A decade prior to its release, Batman had run into some trouble at multiplexes with the deservedly derided Batman and Robin. It was a disappointment both commercially and with reviewers. Joel Schumacher’s two run experiment with the iconic character had dissolved into campy non-fun. In the new century, Christopher Nolan was brought in to resurrect the franchise after making Memento and Insomnia. 

2005’s Batman Begins would achieve that goal, but that was not apparent immediately. Despite glowing reviews, Begins started with $48 million at the box office and $206 million overall domestically. Those are solid numbers but some context is needed. That’s nearly $50 million less than 1989’s Batman made 16 years earlier. In other words, it wasn’t obvious that the eventual sequel would turn into a phenomenon.

That’s what happened. The Dark Knight had the advantage of pitting Christian Bale’s Caped Crusader against his most known foe, The Joker. Many questioned whether Heath Ledger (coming off an Oscar nomination for Brokeback Mountain) had the goods to fill Jack Nicholson’s shoes. Early trailers indicated the answer was yes. And he nailed it with an unforgettable performance. As we know, Ledger never got to witness the acclaim. He died six months before the picture’s release and it added a tragic level of publicity leading up to the premiere.

Once Knight was released, expectations were sky-high and it earned $158 million out of the gate. That was an opening weekend record which has since been surpassed by 14 movies including its sequel The Dark Knight Rises and seven other comic book themed experiences.

The Dark Knight still stands as the 10th highest grossing movie of all time and fourth biggest superhero effort behind Black Panther, Avengers: Infinity War, and The Avengers. It received eight Oscar nominations – something previously unheard of for something in its genre. That stands as another portion of its legacy. While Ledger would posthumously win Best Supporting Actor for his work, many figured The Dark Knight should and would nab a Best Picture nomination. It didn’t. And that caused the Academy to expand Best Picture from a finite five nominees to anywhere between five and ten (nine has been the major number most years in the decade following).

While no comic book film has managed a Best Picture nomination since then (Black Panther could change that this year), that rule change has perhaps allowed non-traditional awards material like District 9, Nolan’s own Inception, Gravity, The Grand Budapest Hotel, Mad Max: Fury Road, Arrival, and Get Out to garner nods.

And The Dark Knight, for many moviegoers, proved what comic book lovers had known all along. This material, done right, could truly be a work of art.

Just Getting Started Box Office Prediction

A pair of Oscar winners hope to bring in an older audience next weekend when Just Getting Started premieres. Morgan Freeman and Tommy Lee Jones star as retirees taking on the Mob in this comedy from Ron Shelton, best known for his directorial efforts of the past including Bull Durham and White Men Can’t Jump. Rene Russo, Glenne Headly (in her final film role), and Joe Pantoliano are among the supporting players.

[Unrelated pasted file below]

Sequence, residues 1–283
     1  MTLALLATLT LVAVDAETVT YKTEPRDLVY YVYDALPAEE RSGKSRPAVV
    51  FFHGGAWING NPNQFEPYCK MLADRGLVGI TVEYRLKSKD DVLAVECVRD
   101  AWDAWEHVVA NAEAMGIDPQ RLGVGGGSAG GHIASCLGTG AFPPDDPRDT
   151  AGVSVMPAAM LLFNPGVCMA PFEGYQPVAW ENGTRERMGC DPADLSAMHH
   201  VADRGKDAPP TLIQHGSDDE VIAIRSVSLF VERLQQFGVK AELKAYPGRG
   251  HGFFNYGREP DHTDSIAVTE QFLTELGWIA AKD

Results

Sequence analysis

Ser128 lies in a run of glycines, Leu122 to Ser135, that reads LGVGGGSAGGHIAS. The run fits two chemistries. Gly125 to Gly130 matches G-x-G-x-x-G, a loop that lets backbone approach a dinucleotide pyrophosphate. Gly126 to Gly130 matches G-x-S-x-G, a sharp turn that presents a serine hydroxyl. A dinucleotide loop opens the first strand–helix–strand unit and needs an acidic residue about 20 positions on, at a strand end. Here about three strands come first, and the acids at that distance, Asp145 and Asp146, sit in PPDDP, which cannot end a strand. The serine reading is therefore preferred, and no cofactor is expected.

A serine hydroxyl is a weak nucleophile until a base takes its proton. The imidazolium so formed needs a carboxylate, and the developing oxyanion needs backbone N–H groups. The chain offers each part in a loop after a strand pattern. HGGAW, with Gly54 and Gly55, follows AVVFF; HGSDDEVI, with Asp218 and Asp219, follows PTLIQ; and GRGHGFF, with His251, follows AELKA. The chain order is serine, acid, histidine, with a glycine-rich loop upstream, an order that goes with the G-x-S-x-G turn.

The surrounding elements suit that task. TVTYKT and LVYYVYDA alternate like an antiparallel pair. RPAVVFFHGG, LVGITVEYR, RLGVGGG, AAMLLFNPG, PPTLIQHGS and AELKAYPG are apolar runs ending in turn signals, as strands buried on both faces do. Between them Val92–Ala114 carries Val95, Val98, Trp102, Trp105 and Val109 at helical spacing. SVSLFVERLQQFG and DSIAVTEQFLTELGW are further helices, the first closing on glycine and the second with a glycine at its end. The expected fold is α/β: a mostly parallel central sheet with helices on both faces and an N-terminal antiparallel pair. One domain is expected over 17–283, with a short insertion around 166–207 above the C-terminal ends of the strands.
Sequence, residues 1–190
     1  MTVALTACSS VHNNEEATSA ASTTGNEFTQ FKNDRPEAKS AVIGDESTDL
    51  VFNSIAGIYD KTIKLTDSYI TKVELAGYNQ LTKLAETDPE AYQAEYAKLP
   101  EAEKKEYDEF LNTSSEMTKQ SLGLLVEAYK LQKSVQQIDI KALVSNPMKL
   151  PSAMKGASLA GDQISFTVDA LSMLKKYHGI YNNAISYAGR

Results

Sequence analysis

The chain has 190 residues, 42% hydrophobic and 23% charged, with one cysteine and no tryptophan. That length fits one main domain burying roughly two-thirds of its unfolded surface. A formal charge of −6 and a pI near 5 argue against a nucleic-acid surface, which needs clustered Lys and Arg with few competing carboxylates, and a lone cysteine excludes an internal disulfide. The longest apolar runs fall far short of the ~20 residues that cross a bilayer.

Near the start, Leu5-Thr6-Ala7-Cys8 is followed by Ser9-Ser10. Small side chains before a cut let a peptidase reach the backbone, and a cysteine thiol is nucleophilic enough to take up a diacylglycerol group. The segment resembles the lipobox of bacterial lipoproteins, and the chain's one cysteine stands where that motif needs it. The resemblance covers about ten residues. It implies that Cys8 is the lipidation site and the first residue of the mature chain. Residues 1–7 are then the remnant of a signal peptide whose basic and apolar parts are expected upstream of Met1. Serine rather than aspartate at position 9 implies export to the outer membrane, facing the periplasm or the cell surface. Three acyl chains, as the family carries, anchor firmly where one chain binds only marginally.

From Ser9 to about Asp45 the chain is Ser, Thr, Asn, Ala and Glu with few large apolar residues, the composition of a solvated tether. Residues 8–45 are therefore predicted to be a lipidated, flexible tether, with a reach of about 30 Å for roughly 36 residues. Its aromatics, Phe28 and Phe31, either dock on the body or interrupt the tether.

Freeman has been appearing in these geriatric yuck fests with increasing frequency as of late. Earlier in the year, Going in Style debuted to a decent $11.9 million. 2013’s Last Vegas fared even better with an opening north of $16 million. A number similar to Style would seem to be the absolute high bar here. However, I have trouble seeing this getting into double digits.

One big reason: distributor Broad Green Pictures is bankrupt and promotion for Started has been muted at best. A theater count will help shed light on its potential and my estimate could be adjusted accordingly. My initial feeling is that this just gets started in the mid single digits and fades quickly.

Just Getting Started opening weekend prediction: $5.2 million

Going in Style Box Office Prediction

Call it Grumpy Old Thieves as Going in Style debuts at the box office next weekend. The pic is actually a remake of a 1979 caper comedy with George Burns and Art Carney about some old men cheated out of their pensions who exact the revenge. Morgan Freeman, Michael Caine, and Alan Arkin are the headliners with Zach Braff directing. Costars include Joey King, Ann-Margret, Christopher Lloyd, Kenan Thompson, and Matt Dillon. Theodore Melfi, who recently directed Hidden Figures, is the screenwriter.

Style could work reasonably well as a pleasant diversion for older moviegoers. The box office has been dominated by family fare as of late and comedies have been in rather short supply (CHiPs didn’t exactly set the multiplex on fire).

There’s a possibility that this could put up similar numbers to Last Vegas, which premiered to $16 million. That’s on the higher end of expectations. I believe a more likely scenario is $10-$13 million with the hope from Warner Bros that word of mouth is solid and it does well in subsequent weekends.

Going in Style opening weekend prediction: $11.5 million

For my Smurfs: The Lost Village prediction, click here:

https://toddmthatcher.com/2017/03/29/smurfs-the-lost-village-box-office-prediction/

For my The Case for Christ prediction, click here:

https://toddmthatcher.com/2017/04/03/the-case-for-christ-box-office-prediction/